One hundred and forty years ago this month, Chicago burned. An exceptionally dry autumn and steady, strong winds created a deadly opportunity. The orange glow could be seen from as far away as Naperville, twenty six miles west.
Guy Sabin, a student at Naperville's North Central College wrote about the event in his diary:
Monday, Oct. 9, 1871, 9:00 p.m.
They got a dispatch that a fire had been raging in Chicago since last night, at 9 o’clock. Reports
at dark said it was almost all burnt down, and the fire was still going. The light of the fire can be seen from here.
Tuesday, Oct. 10, 1871
Went in to Chicago at 8:20. Was no school. The Pres. and Professors all went. Most of the city lays in ruins. Amos got a horse and buggy at Salisbury and Mark Castle, Amos and I rode over the ruins. They think it was set afire.
Wednesday, October 11, 1871, 9:45:
Father went in to Chicago at 7. Came home at 6. Mary Rogers came with him. The fire is nearly all put out.
While the Mrs. O'Leary's cow story was later found to be made up by a creative reporter, the fire was determined to have started on DeKoven Street, which was named for John DeKoven. John's wife, Helen Hadduck, was the granddaughter of Dexter Graves who sailed with Joseph Naper from Ohio to start anew in Illinois.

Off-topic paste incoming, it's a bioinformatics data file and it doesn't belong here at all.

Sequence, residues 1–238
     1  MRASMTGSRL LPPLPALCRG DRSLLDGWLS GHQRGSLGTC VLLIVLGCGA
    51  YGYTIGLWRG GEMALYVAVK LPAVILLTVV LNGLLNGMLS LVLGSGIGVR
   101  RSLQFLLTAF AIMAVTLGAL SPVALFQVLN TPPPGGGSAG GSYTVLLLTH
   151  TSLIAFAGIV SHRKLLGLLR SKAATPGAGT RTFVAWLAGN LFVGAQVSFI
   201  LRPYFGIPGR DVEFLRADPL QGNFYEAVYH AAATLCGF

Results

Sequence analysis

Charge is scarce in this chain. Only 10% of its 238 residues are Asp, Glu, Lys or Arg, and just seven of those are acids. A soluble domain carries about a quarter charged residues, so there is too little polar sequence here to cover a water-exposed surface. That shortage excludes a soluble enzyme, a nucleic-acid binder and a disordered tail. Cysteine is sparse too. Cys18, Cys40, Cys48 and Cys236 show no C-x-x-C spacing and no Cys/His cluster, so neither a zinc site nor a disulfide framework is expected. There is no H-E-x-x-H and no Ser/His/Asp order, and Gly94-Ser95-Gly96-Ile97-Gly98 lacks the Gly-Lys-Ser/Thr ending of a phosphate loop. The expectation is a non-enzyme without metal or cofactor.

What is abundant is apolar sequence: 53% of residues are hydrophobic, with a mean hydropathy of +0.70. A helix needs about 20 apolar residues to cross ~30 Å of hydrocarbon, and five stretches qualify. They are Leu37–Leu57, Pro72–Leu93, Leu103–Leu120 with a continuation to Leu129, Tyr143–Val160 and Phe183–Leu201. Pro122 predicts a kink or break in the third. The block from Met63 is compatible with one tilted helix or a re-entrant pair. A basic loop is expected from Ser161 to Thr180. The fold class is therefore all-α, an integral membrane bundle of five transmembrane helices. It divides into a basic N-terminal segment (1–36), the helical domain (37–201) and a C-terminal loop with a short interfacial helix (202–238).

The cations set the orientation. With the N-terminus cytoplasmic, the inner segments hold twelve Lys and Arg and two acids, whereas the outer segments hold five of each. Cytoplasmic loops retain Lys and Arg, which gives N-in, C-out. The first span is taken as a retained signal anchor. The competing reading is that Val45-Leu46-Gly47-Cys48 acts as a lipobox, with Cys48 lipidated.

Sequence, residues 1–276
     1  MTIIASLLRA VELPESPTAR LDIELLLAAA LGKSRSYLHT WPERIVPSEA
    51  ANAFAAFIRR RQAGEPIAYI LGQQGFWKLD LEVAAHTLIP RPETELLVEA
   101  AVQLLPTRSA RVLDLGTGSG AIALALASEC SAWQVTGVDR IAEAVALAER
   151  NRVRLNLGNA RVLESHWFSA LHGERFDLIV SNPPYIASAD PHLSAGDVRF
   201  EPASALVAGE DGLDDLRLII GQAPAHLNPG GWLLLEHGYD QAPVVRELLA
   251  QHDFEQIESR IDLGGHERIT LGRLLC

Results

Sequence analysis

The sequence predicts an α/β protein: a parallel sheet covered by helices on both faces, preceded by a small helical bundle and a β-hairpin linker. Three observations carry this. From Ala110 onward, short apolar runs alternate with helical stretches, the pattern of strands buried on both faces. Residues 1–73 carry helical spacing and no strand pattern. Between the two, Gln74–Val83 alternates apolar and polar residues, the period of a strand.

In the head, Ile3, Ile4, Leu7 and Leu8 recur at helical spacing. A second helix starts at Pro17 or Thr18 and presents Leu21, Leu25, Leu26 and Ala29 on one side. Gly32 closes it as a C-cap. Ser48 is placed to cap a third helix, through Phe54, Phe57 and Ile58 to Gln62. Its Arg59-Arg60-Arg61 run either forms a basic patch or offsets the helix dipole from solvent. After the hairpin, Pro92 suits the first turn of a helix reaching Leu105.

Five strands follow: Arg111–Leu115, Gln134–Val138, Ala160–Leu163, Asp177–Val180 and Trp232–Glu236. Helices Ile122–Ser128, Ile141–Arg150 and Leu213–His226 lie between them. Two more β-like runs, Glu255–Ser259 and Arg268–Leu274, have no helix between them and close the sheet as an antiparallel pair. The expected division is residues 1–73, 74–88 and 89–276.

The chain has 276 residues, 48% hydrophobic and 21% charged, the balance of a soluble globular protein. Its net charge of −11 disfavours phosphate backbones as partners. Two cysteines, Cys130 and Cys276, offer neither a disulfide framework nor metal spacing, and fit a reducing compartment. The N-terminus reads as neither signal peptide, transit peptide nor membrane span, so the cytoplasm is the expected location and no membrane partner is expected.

In a largely wooden city, fires were common and both the city and its citizens probably under-reacted to the threat. In fact, the fire department was trying to recover from fighting a fire just the day before. By the time everyone realized how serious the fire was, controlling it was all but impossible.
Reports say more than 100,000 people lost their homes and the death toll was in the hundreds. The fire burned from Sunday until Tuesday, jumping across the river and destroying the water works that supplied water for the fire department. Finally, the winds died down, rain slowed the fire's spread, and the smouldering rubble burned itself out.